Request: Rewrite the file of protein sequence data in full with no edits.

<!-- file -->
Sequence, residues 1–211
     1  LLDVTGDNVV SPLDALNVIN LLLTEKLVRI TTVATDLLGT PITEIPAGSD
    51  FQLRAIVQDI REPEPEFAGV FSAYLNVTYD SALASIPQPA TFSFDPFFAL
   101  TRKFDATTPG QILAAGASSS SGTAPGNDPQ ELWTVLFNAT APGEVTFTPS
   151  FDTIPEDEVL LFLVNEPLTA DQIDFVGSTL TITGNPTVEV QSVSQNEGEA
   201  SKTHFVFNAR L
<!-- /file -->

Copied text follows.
Sequence, residues 1–211
     1  LLDVTGDNVV SPLDALNVIN LLLTEKLVRI TTVATDLLGT PITEIPAGSD
    51  FQLRAIVQDI REPEPEFAGV FSAYLNVTYD SALASIPQPA TFSFDPFFAL
   101  TRKFDATTPG QILAAGASSS SGTAPGNDPQ ELWTVLFNAT APGEVTFTPS
   151  FDTIPEDEVL LFLVNEPLTA DQIDFVGSTL TITGNPTVEV QSVSQNEGEA
   201  SKTHFVFNAR L